Introverted, sensitive, shy and polite… not generally words you would associate with a rock star, yet this is just how people described Kurt Cobain after meeting him. Growing up in Aberdeen, a suburb of Seattle in the US, the son of Wendy and Donald Cobain, Kurt was a happy-go-lucky and loving child with an artistic streak. His creative talents extended from drawing his favourite Disney cartoon characters to playing musical instruments. From the age of just two he was playing the piano and singing songs to entertain his family.
In 1987, Kurt started a band with his school friend Krist Novoselic and after experimenting with a series of names, the band settled on Nirvana, which Kurt said was “… a name that was kind of beautiful or nice and pretty instead of a mean, raunchy punk name like the Angry Samoans.” Following a succession of drummers, Nirvana’s line-up was completed with the arrival of Dave Grohl in 1990. They played relatively local gigs on the west coast of America, and quickly established themselves on Seattle’s radical grunge scene.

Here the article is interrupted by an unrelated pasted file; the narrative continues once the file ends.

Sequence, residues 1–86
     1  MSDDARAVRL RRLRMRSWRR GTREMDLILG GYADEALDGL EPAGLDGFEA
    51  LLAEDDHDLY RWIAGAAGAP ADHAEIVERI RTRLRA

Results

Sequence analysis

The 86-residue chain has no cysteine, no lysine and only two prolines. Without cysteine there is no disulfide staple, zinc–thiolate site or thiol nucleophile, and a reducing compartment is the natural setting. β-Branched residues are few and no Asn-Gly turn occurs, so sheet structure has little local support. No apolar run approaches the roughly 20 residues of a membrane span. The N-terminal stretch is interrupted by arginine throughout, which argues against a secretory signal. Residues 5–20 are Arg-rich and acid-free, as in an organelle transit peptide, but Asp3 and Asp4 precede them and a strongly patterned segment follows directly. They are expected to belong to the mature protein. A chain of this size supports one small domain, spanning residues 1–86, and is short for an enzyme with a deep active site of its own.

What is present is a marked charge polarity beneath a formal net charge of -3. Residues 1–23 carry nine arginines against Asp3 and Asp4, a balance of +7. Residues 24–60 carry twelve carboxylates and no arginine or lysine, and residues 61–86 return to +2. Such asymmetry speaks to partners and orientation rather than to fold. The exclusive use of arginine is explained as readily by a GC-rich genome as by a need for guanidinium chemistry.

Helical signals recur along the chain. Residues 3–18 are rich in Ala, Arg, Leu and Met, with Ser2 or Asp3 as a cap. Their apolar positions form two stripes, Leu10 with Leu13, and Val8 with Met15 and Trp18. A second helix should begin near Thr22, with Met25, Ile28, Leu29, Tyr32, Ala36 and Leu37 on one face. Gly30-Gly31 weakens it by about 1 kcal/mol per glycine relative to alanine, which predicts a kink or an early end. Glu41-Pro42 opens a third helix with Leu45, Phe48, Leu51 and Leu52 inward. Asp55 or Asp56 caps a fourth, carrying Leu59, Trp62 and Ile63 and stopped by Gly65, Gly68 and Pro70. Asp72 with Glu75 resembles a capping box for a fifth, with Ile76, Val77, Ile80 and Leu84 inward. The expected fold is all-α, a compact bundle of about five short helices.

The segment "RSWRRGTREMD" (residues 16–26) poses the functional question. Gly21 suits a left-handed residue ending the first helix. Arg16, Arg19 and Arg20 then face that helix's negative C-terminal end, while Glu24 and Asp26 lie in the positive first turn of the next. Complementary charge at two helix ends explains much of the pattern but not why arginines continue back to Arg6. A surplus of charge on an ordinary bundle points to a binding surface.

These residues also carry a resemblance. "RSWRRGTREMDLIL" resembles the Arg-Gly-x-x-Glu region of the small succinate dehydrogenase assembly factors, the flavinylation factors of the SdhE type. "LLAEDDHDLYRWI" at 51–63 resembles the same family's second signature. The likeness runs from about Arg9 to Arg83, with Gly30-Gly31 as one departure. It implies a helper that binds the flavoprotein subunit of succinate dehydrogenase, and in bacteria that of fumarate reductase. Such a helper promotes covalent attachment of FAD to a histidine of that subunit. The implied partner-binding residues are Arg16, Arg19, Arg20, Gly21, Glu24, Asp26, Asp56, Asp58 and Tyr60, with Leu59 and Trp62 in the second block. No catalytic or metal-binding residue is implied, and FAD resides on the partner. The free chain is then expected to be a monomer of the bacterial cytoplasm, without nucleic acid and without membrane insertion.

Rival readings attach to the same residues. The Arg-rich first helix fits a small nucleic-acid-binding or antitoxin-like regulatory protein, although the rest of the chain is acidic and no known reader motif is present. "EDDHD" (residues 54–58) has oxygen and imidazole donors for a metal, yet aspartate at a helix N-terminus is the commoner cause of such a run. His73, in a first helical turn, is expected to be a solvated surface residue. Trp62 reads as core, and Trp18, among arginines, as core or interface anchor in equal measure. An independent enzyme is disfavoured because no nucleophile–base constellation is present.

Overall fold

When the Beatles began filming A Hard Day’s Night on March 2nd, 1964 they had just returned from their first tour of America and ‘Beatlemania’ had well and truly gripped the world. An audience of over 70 million had tuned in to their appearance on The Ed Sullivan Show and they topped the charts on both sides of the Atlantic. Although filmed in just six weeks, the movie captured Beatlemania at its most frenzied but also at its happiest.
Director Richard Lester filmed in a semi-documentary style using handheld cameras to capture the energy of the action. In case the Beatles couldn’t act when they arrived to set, the script, written by Alun Owen, was kept simple and was constructed to ensure that each of the Beatles spoke in short sentences. Once filming began and it became apparent that the boys were naturals in front of the camera, new material was written to demonstrate the individuality of each Beatle. As a result, a lot of their lines feel improvised, although little was. Paul later said, “Alun hung around with us and was careful to try and put words in our mouths… the film manages to capture our characters quite well, so I thought he did a very good script.”